Honolulu Street Style

Malie Moran, Attila Pohlmann, and Andrew Reilly

Honolulu Street Style

Malie Moran, Attila Pohlmann, and Andrew Reilly

Distributed for Intellect Ltd

200 pages | 240 color plates | 9 x 9 | © 2014
Paper $31.50 ISBN: 9781783203079 Published February 2014 Not for sale in the United Kingdom or Europe
Hawai’i is one of the most ethnically and racially diverse places in the world due to its central location in the Pacific. Situated at the crossroads of different cultures, Honolulu has a style all of its own. Honolulu Street Style captures this unique approach as it demonstrates how global trends are transformed by stylish Honolulu denizens to give them a unique, local look. Divided into chapters on hair, hats, accessories, and beachwear, the book features the styles of people encountered on the street and in many different neighborhoods, with an essay on the history and clothing of Hawai’i as a whole. 
The neighborhood fashion explored includes that of iconic Waikiki which conjures images most people associate with Hawai’i, yet the mass-produced tourist clothing belies a deeper fashion culture hidden in local enclaves and local boutiques that foster an upscale, casual style. Chinatown is a neighborhood of dramatic color and exotic touches, and hosts “First Friday” events that transform the neighborhood into a crowded hub of artistic, musical, and retail activity. As the photos show, the Kaka’ako neighborhood draws a crowd that is hip, traveled, and not afraid to venture off the beaten path. In contrast, the Manoa valley, home to the flagship campus of the University of Hawai’i, presents itself as an eclectic mix of students and professionals dressed in everything from boho chic to surfer, skater, avant-garde, and casual professional style.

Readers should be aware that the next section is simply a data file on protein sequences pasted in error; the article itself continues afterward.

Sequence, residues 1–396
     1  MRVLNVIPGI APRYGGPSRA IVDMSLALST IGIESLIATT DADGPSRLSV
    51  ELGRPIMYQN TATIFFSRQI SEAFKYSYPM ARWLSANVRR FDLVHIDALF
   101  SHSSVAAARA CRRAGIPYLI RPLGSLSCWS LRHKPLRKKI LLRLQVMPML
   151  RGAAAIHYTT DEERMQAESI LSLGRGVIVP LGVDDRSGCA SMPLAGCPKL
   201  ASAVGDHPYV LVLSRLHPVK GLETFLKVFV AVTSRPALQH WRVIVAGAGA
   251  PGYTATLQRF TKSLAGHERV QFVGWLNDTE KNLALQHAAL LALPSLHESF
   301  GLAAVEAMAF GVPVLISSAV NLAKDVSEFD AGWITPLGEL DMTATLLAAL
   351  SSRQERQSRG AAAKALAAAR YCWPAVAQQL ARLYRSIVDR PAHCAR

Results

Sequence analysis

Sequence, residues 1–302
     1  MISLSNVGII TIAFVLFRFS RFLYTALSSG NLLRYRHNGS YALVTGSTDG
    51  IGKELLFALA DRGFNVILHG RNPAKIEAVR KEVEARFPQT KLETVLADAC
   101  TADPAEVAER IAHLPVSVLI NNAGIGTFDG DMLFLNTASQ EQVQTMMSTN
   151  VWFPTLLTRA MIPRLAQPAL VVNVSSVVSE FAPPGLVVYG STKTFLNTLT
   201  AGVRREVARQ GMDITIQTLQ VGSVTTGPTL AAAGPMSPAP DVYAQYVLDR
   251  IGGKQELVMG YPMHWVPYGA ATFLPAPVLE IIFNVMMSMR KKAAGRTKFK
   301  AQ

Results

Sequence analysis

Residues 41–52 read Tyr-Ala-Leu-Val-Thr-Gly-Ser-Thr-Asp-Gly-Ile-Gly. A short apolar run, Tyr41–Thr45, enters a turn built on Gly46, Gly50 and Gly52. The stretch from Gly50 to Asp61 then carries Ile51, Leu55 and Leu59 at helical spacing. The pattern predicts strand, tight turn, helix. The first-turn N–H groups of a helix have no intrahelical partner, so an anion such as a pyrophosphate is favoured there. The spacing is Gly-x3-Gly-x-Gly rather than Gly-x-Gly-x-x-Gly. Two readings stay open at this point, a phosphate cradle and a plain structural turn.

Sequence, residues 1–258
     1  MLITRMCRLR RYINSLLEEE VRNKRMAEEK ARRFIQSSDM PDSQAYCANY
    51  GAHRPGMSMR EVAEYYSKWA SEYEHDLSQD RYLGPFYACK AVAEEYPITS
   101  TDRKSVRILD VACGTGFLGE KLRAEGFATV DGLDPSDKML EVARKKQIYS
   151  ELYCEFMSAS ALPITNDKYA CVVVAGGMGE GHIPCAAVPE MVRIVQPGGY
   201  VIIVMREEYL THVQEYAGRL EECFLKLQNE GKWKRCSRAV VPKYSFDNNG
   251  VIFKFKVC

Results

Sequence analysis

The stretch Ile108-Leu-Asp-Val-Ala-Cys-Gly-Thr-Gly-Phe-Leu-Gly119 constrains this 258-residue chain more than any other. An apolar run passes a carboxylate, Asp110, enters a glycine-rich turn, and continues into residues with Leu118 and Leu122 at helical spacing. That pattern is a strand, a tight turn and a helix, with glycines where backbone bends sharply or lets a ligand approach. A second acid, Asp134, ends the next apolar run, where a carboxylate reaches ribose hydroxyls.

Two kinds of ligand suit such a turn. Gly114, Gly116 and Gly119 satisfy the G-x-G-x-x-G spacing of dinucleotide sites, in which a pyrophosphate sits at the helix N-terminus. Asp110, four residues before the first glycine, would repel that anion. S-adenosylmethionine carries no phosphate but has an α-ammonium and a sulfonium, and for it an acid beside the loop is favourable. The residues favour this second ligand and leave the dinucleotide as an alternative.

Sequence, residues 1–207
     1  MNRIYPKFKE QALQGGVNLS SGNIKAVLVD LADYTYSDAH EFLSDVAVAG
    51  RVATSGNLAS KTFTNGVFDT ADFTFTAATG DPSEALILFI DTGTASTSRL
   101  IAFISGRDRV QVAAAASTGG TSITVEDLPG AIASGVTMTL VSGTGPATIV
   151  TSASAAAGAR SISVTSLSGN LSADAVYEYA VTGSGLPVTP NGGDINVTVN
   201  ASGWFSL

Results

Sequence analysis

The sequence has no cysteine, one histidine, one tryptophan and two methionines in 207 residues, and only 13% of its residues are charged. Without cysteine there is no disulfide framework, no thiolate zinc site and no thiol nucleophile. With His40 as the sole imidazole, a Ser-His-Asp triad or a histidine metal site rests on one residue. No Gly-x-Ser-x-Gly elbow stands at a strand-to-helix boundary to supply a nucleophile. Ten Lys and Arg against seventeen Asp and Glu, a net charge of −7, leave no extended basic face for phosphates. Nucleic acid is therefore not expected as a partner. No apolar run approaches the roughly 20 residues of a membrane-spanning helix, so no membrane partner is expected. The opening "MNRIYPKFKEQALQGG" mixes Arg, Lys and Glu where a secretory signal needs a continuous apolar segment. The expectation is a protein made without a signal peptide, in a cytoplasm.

A highly visual book with full-color street style photography, Honolulu Street Style will be a landmark publication in the study of place and style.



Honolulu Street Style

Head, Hair, Hats



About the Authors

Review Quotes
Books & Culture
While we may be tempted to think of Honolulu—and all of Hawaii, for that matter—as a tropical paradise, this book confronts us with the fact that it is a very lived-in city. Its influences are Japanese and European, Chinese and Puerto Rican, industrial and touristic, ancient and futuristic, and Honolulu Street Style is true to that wild mix.
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